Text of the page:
State Rep. Garnet Coleman


UPDATE: State Rep. Garnet Coleman today issued a statement apologizing for the use of the phrase “sexual preference” rather than “sexual orientation” in the omnibus LGBTQ rights bill he filed earlier this week in the Texas Legislature. The language will be corrected in the committee substitute for the bill.

Coleman said: “In the bill I filed yesterday, HB 2069: relating to the prevention of discrimination based on sexual orientation or gender identity. There are instances in the bill where the incorrect term of “sexual preference” was used and allowed to remain in current code. I apologize for the oversight, and the committee substitute for the bill will fix the language and use the correct term of “sexual orientation.” I understand that being a member of the LGBTQ community is no more of a choice then the choice to be Black. It has been correctly upheld by the U.S. Supreme Court that being a member of the LGBTQ community is an immutable characteristic. (Obergefell v. Hodges, 576 U.S. 644 (2015)) Again, please accept my sincere apology, and know that the language will be corrected in the committee substitute to the bill.”

ORIGINAL POST: Texas state Rep. Garnet F. Coleman, D-Houston, a longtime ally of the LGBTQ community, today (Tuesday, Feb. 23) filed legislation that would protect LGBTQ Texans from discrimination.

HB 2069 would “address a wide range of issues impacting the LGBTQ community,” according to a press release from Coleman’s office. “Rep. Coleman has successfully pushed policies to become law including protections for sexual preference in the James Byrd Jr. Hate Crimes Act, and suicide prevention training in schools. Regrettably, many of the LGBTQ policies Rep. Coleman has championed have yet to be passed in the Texas Legislature. This omnibus bill consolidates several important pieces of legislation that he has previously worked on.”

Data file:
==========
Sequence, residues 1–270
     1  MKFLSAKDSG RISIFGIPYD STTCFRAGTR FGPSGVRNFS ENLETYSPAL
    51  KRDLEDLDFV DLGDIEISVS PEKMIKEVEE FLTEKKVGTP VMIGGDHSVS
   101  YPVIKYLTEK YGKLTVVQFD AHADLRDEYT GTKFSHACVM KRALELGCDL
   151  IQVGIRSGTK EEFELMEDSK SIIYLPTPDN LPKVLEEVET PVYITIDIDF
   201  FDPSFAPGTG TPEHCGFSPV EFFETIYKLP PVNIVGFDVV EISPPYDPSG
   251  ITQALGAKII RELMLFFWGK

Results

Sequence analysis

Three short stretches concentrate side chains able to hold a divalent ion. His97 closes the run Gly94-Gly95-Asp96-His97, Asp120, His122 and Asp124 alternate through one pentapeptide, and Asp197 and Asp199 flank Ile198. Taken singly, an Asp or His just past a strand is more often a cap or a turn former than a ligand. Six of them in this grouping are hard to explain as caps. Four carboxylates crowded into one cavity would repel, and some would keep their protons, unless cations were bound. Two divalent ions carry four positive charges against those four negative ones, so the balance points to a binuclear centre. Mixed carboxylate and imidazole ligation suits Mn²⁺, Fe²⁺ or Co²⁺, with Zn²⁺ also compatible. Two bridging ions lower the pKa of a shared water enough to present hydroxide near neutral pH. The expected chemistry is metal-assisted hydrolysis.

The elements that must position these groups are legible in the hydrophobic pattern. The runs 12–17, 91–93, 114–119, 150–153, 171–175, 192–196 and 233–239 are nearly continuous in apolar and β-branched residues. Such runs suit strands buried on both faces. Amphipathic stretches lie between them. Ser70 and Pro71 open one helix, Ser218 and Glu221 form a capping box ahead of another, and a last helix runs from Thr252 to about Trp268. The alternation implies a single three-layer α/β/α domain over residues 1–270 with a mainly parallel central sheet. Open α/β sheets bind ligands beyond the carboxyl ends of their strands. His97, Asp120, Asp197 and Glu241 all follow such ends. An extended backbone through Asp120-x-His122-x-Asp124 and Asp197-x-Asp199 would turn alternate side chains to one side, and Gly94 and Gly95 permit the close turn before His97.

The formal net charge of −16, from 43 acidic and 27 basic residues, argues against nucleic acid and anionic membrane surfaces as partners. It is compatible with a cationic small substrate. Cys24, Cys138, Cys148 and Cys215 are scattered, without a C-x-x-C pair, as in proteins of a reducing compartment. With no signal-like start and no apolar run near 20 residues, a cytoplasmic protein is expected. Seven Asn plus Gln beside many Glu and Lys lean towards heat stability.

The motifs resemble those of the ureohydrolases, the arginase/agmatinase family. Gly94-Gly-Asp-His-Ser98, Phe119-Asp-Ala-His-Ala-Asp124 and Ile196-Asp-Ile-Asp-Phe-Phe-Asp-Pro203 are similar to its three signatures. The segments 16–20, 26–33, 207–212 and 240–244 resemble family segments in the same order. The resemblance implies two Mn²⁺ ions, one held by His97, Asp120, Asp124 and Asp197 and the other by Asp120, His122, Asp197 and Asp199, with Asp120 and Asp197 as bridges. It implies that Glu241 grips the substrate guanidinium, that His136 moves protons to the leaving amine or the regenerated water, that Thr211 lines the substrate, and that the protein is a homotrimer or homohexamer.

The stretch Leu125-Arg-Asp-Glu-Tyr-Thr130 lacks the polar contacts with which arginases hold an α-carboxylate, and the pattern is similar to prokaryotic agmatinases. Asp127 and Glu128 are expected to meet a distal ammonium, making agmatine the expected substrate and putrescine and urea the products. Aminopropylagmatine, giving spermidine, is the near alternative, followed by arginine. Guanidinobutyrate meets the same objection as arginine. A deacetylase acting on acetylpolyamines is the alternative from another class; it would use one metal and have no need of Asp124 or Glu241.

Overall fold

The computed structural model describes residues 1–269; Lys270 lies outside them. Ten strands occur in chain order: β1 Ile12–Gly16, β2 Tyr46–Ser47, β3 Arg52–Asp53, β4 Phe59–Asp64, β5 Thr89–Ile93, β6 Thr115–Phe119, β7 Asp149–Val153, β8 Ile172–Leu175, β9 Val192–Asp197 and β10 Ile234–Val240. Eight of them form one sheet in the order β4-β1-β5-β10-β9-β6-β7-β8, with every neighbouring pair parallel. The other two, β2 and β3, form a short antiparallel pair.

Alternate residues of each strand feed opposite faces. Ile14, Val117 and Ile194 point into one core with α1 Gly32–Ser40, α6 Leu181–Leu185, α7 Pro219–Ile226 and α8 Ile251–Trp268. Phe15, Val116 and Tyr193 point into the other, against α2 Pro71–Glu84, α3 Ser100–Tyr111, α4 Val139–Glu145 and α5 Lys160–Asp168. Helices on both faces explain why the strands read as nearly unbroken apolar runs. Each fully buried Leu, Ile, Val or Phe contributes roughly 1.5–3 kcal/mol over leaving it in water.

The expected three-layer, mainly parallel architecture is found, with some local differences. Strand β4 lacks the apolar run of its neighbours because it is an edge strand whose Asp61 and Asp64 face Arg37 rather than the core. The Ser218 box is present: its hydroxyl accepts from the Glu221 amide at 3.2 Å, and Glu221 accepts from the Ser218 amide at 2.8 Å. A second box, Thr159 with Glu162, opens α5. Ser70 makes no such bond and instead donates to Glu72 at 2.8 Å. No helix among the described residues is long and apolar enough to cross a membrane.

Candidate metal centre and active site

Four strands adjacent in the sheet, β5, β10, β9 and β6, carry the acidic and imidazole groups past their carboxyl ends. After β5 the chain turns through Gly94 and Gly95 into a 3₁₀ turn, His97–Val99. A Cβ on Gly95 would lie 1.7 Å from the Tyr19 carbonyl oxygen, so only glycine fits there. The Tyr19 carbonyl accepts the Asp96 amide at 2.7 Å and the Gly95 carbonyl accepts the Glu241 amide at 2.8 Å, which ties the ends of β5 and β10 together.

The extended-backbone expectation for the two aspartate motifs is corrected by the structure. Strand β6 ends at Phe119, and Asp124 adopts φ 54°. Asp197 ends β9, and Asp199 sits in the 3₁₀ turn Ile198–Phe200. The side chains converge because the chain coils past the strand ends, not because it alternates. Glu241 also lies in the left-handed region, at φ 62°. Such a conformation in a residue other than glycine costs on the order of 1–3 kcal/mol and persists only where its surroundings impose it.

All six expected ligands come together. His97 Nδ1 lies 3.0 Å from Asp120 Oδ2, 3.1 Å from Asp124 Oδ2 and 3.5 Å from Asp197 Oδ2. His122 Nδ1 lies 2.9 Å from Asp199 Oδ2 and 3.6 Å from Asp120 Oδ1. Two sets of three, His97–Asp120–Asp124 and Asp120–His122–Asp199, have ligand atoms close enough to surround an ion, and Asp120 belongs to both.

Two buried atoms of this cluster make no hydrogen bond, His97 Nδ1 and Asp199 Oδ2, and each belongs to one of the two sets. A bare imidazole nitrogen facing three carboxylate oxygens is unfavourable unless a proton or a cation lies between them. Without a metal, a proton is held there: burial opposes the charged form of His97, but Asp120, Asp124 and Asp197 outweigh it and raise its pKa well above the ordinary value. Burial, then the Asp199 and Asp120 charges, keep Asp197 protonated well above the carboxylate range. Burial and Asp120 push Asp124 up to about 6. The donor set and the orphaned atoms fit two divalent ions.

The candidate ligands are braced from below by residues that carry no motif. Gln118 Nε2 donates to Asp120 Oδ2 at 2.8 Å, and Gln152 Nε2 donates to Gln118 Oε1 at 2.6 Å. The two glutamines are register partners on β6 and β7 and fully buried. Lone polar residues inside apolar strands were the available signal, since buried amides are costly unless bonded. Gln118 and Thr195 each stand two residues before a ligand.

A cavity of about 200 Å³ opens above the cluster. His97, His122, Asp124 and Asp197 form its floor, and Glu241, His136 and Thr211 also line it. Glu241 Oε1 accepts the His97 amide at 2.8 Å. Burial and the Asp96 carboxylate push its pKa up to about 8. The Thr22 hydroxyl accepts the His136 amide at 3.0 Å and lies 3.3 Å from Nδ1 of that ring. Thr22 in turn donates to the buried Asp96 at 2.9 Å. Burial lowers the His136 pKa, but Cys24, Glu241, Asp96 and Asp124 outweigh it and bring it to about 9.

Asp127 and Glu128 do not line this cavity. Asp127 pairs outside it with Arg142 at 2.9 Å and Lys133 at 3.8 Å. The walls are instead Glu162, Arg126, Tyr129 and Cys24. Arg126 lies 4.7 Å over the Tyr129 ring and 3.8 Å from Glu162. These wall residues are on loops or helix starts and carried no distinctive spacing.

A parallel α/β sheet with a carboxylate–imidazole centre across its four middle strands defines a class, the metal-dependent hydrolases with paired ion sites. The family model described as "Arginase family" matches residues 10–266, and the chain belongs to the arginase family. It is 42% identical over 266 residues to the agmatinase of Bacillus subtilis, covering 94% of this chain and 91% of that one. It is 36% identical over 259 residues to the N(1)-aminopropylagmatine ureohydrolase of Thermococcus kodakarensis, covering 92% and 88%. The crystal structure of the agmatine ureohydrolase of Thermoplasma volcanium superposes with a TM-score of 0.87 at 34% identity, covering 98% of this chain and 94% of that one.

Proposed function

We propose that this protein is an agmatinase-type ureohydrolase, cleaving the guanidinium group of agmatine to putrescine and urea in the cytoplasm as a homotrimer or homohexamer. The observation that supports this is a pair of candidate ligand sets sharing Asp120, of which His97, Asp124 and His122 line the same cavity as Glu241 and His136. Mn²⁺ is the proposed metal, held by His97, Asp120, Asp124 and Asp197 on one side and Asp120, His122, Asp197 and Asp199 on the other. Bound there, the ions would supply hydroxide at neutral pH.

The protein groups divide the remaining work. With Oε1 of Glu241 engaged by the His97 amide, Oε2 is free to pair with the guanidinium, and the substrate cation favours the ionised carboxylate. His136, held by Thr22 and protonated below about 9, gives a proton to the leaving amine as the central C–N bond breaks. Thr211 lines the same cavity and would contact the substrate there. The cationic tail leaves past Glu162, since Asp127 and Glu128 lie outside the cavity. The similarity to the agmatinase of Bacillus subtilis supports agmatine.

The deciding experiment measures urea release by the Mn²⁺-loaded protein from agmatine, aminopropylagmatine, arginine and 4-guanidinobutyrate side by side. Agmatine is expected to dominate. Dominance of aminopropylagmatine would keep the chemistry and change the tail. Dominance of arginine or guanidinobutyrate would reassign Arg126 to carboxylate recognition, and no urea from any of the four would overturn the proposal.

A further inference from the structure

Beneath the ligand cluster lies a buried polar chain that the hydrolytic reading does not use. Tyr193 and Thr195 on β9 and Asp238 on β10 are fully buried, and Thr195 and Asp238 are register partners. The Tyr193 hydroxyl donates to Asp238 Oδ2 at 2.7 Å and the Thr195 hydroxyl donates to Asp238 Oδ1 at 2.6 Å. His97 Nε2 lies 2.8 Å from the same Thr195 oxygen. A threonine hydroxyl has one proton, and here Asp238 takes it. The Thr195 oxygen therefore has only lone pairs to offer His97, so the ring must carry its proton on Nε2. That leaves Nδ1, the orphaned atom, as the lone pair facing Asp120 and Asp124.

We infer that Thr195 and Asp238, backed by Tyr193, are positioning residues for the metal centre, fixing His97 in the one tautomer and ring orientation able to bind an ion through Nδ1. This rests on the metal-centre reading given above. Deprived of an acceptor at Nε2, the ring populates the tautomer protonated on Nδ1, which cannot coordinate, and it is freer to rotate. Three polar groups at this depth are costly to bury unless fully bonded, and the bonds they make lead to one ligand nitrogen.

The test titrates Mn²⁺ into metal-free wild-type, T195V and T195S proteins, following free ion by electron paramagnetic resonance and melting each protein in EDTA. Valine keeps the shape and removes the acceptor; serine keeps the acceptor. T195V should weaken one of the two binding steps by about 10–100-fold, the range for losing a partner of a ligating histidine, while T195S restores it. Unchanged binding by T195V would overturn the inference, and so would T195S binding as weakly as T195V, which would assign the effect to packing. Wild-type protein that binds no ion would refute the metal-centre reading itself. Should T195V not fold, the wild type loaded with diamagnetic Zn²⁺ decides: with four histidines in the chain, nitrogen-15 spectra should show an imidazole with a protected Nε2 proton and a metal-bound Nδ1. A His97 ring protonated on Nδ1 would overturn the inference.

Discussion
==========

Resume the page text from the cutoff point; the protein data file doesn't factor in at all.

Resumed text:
Included in the omnibus bill are elements proposing a constitutional amendment to repeal the current constitutional provision defining marriage as the union of one man and one woman (the amendment approved by Texas voters in 2005 bans recognition of marriage equality and remains part of the Texas Constitution even though the U.S. Supreme Court’s 2015 ruling in Obergefell v. Hodges makes it a moot point); uniformizing and streamlining court procedures for change of name and gender marker on state-issued Ids; including protection for transgender individuals in the Texas Hate Crimes Law; repealing the Texas sodomy law, which was deemed unconstitutional by theU.S. Supreme Court’s 2004 ruling in Lawrence v. Texas, but which is still listed as a criminal offense in the Texas Penal Code; prohibiting discrimination against or harassment of a public school employee or student on the basis of sexual orientation, or gender identity or expression; comprehensive employment non-discrimination measures prohibiting discrimination based on sexual orientation, or gender identity or expression in employment, labor organization membership, and including LGBTQ people in Texas’ “Romeo and Juliet” law.

Coleman said, “I have filed numerous bills to protect the LGBTQ community and fought against even more bad policies and bills aimed to marginalize and discriminate against LGBTQ individuals. Despite many of my bills to protect LGBTQ rights failing to pass in the Texas Legislature, I believe it is important to continue to bring attention to these issues to raise the awareness of influential parties; Supreme Court justices read newspapers, too.”

Coleman said the omnibus bill he filed today would “pull together several of my past efforts into one piece of legislation to establish a baseline of protected rights for all LGBTQ Texans.

“These proposed changes are long overdue,” he continued. “In particular, the current statute categorizing homosexuality as a criminal offense is not only overdue, but unconstitutional as determined by the U.S. Supreme Court. I hope my colleagues in the Legislature will see this bill as common-sense protection of Texan rights, and I hope to finally see the passage of these important measures.”

— Tammye Nash